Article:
Elliot.jpgI remember the moment clearly. I was reading her unpublished manuscript about her journey to help establish a relief centre in Alexandropol (Gyumri), Russia in 1917. She travelled more than 7,000 miles from Dubuque, Iowa during World War I and the Russian revolution, and I was impressed by her lack of naiveté, her living-by-example style of evangelism rather than proselytizing, and her willingness to roll up her sleeves to tackle seemingly insurmountable problems. But what tipped the scales for me was when, under armed attack, instead of frantically praying for divine salvation, she thought about the psychology of William James and a bear! I was so startled, I laughed out loud. I realized I liked her very much and could spend the years it would take to write the book in her company.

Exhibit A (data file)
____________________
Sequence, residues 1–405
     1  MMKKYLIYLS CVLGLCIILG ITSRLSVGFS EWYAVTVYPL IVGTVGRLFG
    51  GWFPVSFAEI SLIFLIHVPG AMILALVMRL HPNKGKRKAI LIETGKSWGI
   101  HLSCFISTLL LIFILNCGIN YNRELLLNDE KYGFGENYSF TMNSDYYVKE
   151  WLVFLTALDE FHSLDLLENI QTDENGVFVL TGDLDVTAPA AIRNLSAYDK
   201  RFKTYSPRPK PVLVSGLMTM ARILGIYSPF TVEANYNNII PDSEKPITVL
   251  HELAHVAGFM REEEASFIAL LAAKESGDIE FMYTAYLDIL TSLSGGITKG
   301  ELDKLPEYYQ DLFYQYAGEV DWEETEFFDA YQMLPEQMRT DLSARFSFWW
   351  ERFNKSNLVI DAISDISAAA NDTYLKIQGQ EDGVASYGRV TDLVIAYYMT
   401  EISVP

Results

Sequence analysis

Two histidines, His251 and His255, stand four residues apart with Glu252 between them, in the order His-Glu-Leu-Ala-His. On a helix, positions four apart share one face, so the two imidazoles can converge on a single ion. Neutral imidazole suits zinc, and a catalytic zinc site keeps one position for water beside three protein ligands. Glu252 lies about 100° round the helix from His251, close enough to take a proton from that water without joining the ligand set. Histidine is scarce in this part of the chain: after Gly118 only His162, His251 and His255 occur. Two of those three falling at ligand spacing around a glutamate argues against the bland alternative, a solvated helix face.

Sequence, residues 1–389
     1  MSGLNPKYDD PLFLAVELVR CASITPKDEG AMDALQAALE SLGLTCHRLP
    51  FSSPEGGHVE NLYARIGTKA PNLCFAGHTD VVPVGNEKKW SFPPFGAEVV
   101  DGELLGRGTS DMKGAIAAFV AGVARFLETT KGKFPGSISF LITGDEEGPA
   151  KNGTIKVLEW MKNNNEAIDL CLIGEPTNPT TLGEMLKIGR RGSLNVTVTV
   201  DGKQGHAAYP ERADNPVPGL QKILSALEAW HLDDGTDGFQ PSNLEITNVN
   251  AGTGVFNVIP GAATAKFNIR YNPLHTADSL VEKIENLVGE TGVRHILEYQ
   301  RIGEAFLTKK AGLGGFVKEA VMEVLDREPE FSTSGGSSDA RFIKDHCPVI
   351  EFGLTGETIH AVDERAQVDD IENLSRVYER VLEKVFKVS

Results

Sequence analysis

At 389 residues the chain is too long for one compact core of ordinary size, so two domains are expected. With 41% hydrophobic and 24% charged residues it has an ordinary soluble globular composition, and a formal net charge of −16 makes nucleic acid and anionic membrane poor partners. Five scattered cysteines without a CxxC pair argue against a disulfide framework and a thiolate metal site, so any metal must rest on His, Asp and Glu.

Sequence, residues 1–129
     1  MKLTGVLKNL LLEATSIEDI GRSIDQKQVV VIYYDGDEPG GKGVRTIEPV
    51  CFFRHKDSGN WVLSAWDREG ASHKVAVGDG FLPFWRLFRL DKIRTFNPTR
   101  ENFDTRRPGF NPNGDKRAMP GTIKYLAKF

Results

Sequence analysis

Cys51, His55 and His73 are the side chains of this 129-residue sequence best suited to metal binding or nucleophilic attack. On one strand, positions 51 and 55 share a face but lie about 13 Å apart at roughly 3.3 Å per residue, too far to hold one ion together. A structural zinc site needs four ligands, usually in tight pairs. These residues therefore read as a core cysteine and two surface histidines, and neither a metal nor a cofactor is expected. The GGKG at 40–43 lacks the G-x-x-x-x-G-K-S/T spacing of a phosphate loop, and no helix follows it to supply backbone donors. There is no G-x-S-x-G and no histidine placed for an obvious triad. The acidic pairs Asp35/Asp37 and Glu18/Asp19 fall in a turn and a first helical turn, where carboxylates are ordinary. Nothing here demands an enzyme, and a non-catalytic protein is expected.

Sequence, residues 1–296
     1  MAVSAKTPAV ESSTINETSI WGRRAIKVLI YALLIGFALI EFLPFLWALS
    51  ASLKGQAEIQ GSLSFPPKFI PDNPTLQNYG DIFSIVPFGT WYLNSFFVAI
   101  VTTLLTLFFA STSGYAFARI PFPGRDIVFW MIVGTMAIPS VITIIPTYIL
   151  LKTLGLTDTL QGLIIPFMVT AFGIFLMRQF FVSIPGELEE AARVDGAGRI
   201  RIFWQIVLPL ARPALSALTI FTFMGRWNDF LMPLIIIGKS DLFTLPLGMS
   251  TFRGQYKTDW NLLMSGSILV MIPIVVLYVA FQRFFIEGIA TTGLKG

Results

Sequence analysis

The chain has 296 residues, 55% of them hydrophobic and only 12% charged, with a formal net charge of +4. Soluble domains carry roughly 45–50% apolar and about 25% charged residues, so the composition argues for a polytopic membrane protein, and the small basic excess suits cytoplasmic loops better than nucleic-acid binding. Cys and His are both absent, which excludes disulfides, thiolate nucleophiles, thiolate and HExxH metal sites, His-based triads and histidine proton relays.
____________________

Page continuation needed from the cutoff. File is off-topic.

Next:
4. Grit and Grace is full of details that range from surprising to shocking, like the man who treated the bullet wound in his leg by stuffing scrambled eggs in it. What details or moments stand out most for you?
I can instantly think of four:
1) nurses Rachel and Blanche’s befuddled attempt at removing tar caps from children’s heads to cure them of favus (a dreadful scalp disease);
2) the horrible conditions of the conscripted Ottoman soldiers in winter, without coats, forced to wrap their feet in rags or go barefoot, fed only a third of a ration, and housed in filthy, vermin- and disease-filled shelters – and still expected to fight battles;
3) the absurd incident in the Marash hospital when the pharmacist, who had once been in the Ottoman army, screamed across the courtyard at a group of Nationalists, “You know it’s not permitted to fire on a hospital! The Director Doctor Madame is very angry about it, and will hold you responsible. The Director says you are to stop firing at once!” and amazingly they did; and